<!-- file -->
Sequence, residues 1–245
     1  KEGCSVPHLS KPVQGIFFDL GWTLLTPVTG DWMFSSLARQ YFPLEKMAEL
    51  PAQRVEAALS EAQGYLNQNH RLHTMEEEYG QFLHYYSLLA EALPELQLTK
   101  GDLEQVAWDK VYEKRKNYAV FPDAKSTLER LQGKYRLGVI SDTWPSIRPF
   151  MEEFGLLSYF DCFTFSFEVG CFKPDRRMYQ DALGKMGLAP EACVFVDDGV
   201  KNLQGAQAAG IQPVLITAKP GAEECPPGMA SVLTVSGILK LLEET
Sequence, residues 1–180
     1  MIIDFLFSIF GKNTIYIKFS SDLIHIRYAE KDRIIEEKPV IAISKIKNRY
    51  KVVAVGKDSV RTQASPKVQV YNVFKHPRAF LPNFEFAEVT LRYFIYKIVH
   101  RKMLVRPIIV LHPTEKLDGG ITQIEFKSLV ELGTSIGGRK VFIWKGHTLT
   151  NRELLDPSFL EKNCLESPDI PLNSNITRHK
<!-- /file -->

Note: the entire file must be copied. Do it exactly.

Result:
Sequence, residues 1–245
     1  KEGCSVPHLS KPVQGIFFDL GWTLLTPVTG DWMFSSLARQ YFPLEKMAEL
    51  PAQRVEAALS EAQGYLNQNH RLHTMEEEYG QFLHYYSLLA EALPELQLTK
   101  GDLEQVAWDK VYEKRKNYAV FPDAKSTLER LQGKYRLGVI SDTWPSIRPF
   151  MEEFGLLSYF DCFTFSFEVG CFKPDRRMYQ DALGKMGLAP EACVFVDDGV
   201  KNLQGAQAAG IQPVLITAKP GAEECPPGMA SVLTVSGILK LLEET
Sequence, residues 1–180
     1  MIIDFLFSIF GKNTIYIKFS SDLIHIRYAE KDRIIEEKPV IAISKIKNRY
    51  KVVAVGKDSV RTQASPKVQV YNVFKHPRAF LPNFEFAEVT LRYFIYKIVH
   101  RKMLVRPIIV LHPTEKLDGG ITQIEFKSLV ELGTSIGGRK VFIWKGHTLT
   151  NRELLDPSFL EKNCLESPDI PLNSNITRHK